Simple — like, really simple — Arduino periodic timer with Brett’s MillisTimer library

I don’t know how many times I’ve written bad Arduino code to call a function every few milliseconds. Sometimes this bad code works well enough for my sketch to actually work. Often, it either doesn’t work at all or does something I really didn’t expect.

So on Arduino Day 2017, I’m glad I found out about bhagman/MillisTimer: A Wiring and Arduino library for working with millis(). It couldn’t be simpler to use: include the library, write the function you want to call every N milliseconds, set up the timer to run every N millis, and put in a loop that’s called frequently. The library handles the timing and resetting all by itself.

As an example, here’s the eternal “Hello, World!” of the embedded world, Blink, rewritten to use MillisTimer:

// MillisTimerBlink - blink LED every second
//  using Brett Hagman's MillisTimer library
//  (or use Sketch → Include Library → Manage Libraries … to install)
// scruss - 2017-04-01

#include <MillisTimer.h>
MillisTimer timer1;               // new empty timer object
const int led_pin = LED_BUILTIN;  // use the built-in LED

void flash() {                    // function called by timer
  static boolean output = HIGH;
  digitalWrite(led_pin, output);  // set LED on or off
  output = !output;               // toggle variable state High/Low

void setup() {
  pinMode(led_pin, OUTPUT);       // use built-in LED for output
  timer1.setInterval(1000);       // set timer to trigger every 1000 millis
  timer1.expiredHandler(flash);   // call flash() function when timer runs out
  timer1.setRepeats(0);           // repeat forever if set to 0
  timer1.start();                 // start the timer when the sketch starts

void loop() {;                   // trigger the timer only if it has run out
  // note that run() has to be called more frequently than the timer interval
  //  or timings will not be accurate

Note that MillisTimer only triggers when is called. Sticking a delay(2000) in the main loop will cause it to fire far less frequently than the interval you set. So it’s not technically a true periodic timer, but is good enough for most of my purposes. If you want a true interrupt-driven timer, use the MsTimer2 library. It relies on the timer interrupts built into the Arduino hardware, and isn’t quite as easy to use as MillisTimer.

LaunchPad MSP430 pomodoro timer using Energia

I know a lot of people who bought the Texas Instruments MSP430 LaunchPad development kit but never really got into it. I’m one of them; the $4.30 purchase price was compelling, but the requirement to install a huge proprietary IDE (with its own embedded C dialect) was just too much.

For this reason, Energia is great. It’s a fork of the Wiring/Arduino development environment for the MSP430. Looks just like Arduino, but quite red:

The basics of the language are the same, although the pin names and functions are different from the Arduino. The basic board also has a red and a green LED, a user button, and the obligatory reset button.

Just to try out Energia, I wanted a useful project that only used the onboard hardware. I came up with a version of a pomodoro timer, similar to the one used in The Pomodoro Technique® time management method. The one I made has the following features:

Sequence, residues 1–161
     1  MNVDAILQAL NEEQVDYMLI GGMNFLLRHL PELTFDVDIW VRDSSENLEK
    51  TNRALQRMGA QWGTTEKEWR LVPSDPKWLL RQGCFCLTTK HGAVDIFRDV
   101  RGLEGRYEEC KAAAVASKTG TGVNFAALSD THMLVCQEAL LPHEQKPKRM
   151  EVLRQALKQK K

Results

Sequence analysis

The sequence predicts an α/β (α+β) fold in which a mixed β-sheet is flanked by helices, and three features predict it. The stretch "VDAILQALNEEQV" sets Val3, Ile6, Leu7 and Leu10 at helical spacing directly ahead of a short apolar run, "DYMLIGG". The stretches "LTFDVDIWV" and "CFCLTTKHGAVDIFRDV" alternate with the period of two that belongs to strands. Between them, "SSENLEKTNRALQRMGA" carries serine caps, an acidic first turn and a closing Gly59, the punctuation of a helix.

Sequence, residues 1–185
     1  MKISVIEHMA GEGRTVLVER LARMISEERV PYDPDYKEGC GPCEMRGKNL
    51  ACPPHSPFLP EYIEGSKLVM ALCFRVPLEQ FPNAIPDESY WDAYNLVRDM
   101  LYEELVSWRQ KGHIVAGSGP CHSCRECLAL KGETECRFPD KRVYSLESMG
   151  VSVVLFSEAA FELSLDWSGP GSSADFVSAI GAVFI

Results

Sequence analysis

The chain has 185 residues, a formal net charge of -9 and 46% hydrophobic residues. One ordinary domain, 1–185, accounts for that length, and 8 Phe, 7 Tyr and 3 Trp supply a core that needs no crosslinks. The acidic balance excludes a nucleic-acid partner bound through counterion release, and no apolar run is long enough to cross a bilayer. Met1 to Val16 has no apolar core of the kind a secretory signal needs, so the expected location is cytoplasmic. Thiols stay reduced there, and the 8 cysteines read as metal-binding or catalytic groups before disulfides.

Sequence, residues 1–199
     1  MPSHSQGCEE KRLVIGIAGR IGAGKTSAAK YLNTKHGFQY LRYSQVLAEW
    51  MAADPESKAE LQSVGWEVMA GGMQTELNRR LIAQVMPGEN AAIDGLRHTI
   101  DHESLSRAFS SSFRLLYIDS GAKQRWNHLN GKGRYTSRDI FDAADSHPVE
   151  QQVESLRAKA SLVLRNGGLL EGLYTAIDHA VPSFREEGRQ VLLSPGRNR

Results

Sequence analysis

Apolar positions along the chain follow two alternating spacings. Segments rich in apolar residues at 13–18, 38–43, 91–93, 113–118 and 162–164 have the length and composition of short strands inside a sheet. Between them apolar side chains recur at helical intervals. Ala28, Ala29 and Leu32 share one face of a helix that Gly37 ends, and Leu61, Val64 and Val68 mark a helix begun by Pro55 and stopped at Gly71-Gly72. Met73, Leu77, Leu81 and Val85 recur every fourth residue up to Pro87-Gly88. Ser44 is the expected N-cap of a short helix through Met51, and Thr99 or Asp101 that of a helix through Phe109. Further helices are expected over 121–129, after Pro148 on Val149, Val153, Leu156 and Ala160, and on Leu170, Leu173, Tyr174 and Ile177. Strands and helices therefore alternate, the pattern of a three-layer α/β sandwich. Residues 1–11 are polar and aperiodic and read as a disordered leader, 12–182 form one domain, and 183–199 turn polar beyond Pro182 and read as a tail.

• 25 minute “green light” work period
  • 5 minute “red light” rest period
  • At the end of the rest period, the green and red lights flash. You can choose to restart the timer (with the reset button), or turn the lights off with the user button.
  • You can turn the timer off at any time with the user button, and restart it from zero with the reset button.

For me, this electronic version has several advantages over the wind-up official timer:

  • it doesn’t tick or ring distractingly
  • it’s cheaper than the real thing
  • it always resets to the same time.

It does have a couple of possible disadvantages, though:

  • it doesn’t give an indication of time left
  • it’s not very accurate, since it uses the MSP430’s internal oscillator. Mine seems to give an approximately 26 minute work period, with a rest time that’s proportionally longer.

Here’s the code (tested on a MSP-EXP430G2 board, version 1.4):


 launchpomodoro - simple task/rest timer for TMS430/Energia

 On reset: Green LED on for 25 minutes
 After 25 minutes: Red LED
 After 30 minutes: Flashing Red/Green LED (until reset)
 On button press: all lights off.

 scruss - 2012-10-15


// 25 minutes
#define ENDWORKTIME 1500000
// 30 minutes
#define ENDRESTTIME 1800000

unsigned long start=0;
int red=1; // for light flashing state at end of rest time
int green=0;

void setup() {
  pinMode(RED_LED, OUTPUT);
  pinMode(PUSH2, INPUT);
  digitalWrite(GREEN_LED, HIGH); // start work
  digitalWrite(RED_LED, LOW); // stop rest

void loop () {
  if ((millis()-start)>ENDWORKTIME) {
    digitalWrite(GREEN_LED, LOW); // stop work
    digitalWrite(RED_LED, HIGH); // start rest

  if ((millis()-start)>ENDRESTTIME) {
    flicker(); // warn that we've overrun

  if (digitalRead(PUSH2) == LOW) { // push quiet/off switch

void flicker() { // toggle LEDs and wait a bit
  digitalWrite(GREEN_LED, green);
  digitalWrite(RED_LED, red);

void off() { // appear to be off
  digitalWrite(GREEN_LED, LOW); // lights off
  digitalWrite(RED_LED, LOW);
  while (1) { // loop until reset

(or if you’d rather have the archived sketch:

It would be trivial to port this to Arduino, but you would need some external LEDs, resistors and a pushbutton.